But, no contest. Curry. Love that Indian tang. Carla’s always been into Indian cooking. Actually, everything Indian and colonial. Lately she’s got me going, too. We’ve been reading Joseph Conrad’s Lord Jim to each other. Oh, man. That sweaty, troppo, raffish scene. Curry for breakfast? But of course, old bean. Perfecto, before the tiger hunt, what?
“An English lady makes these,” says Wayne. “She has the place next to the Shakespeare Pub.” He takes out one of the big triangular slabs of pastry I’d noticed in the display cabinet. A triangular pot pie? And nine buckeroos ain’t that cheap, even with a salad. Guess that’s East Village rents we’re helping pay for.
But all doubts disappear the moment I lift the first chunk to my lips. The pastry. Omygod. So flaky, so light, golden, crunchy, plus that beefy curry dotted with peas and beans and carrots inside. It’s one of those moments.
“Man, that is so-o good,” I say to Wayne. “Is this a South African thing?”
“Well, don’t forget we have really big Indian communities in our coastal cities, Natal and Durban. You get great curries there.”
He points out that each pie has a different shape branded into the pastry. Like, a heart for chicken, a cross for steak, a V for the vegetarian. “We get a lot of Aussies coming in,” he says. “We know who they are because they all like ketchup on top.”
Ketchup with curry? Is nothing sacred? You can hear Gandhi turning in his grave.
Meanwhile, I’m chomping arugula. The salad is fresh, well lubricated with oil and vinegar, and has tasty olives.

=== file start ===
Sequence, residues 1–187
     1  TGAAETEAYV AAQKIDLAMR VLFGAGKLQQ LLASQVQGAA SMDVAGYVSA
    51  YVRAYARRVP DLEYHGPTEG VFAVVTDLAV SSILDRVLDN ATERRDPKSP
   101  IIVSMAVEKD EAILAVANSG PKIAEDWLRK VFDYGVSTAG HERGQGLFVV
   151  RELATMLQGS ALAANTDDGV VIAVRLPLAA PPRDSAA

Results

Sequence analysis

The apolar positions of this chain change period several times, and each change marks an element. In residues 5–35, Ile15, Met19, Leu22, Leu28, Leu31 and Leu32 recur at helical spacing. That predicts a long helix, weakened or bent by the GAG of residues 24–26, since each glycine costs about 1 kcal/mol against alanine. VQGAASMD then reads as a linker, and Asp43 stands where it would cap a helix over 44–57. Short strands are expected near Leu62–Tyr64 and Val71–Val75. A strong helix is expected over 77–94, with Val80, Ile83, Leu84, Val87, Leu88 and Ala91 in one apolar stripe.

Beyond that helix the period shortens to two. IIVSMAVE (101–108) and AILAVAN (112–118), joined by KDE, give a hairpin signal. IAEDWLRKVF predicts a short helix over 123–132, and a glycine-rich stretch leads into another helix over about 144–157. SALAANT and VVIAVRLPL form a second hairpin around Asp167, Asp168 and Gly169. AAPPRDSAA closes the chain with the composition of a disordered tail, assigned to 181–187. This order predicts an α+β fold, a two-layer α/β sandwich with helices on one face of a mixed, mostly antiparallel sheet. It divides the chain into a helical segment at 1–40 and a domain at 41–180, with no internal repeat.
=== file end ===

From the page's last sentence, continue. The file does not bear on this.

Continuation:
Wayne says he stages a new photographic exhibit every month. Charges the artist maybe $350, plus 30 percent commission. These are selling for a few hundred clams each. “Our original name was ‘Coffee and Art Photographic Art Gallery,’ ” he says. “But people were intimidated by that. They thought we were a gallery, not coffee and food.”
Now he’s off to chat with other customers. They all seem to know him. Everyone talks about work, boyfriends, parties, breakups. Seems like Wayne’s the confidante for the neighborhood, the neighborhood these local condoístas must be trying to create.
So, finally, I get online… Lessee, must do an email. Who do I have to message? Ah, yes. “Carla. Dinner. Reply instantly if you want me to bring home the flakiest curry pies of your life.”
The Place: Coffee and Art, 777 Sixth Avenue, downtown, 619-501-8458
Type of Food: Pies, panini, salads
Prices: Breakfast: fruit, yogurt granola, $4.75; cheese-and-tomato croissant, $5.50; “Coffee and Art” lunch salad (mixed greens and veggies, artichoke hearts, and lunch meat), $7.25; Greek salad, $5.25; panini sandwich of the day with salad, $7.75; grilled-cheese sandwich with salad, $5.25 (with tomato, $5.50); beef curry pie with salad, $9; steak-and-mushroom pie, salad, $9.75; chicken-and-mushroom pie, salad, $9.75; vegetarian curry pie, $8.75; cheese-and-spinach pie, $9.
Hours: 7:30 a.m.–7:30 p.m., Monday–Thursday; 7:30 a.m.–8:00 or 9:00 p.m., Fridays; 9:30 a.m.–8:00 or 9:00 p.m., Saturdays; closed Sunday
Buses: 3, 11, 120, and all downtown
Nearest Bus Stops: Fifth and G (number 3, northbound); Fourth and G (number 3, southbound); Sixth and Market (11); Fourth and G (120); Sixth and Broadway (other downtown buses)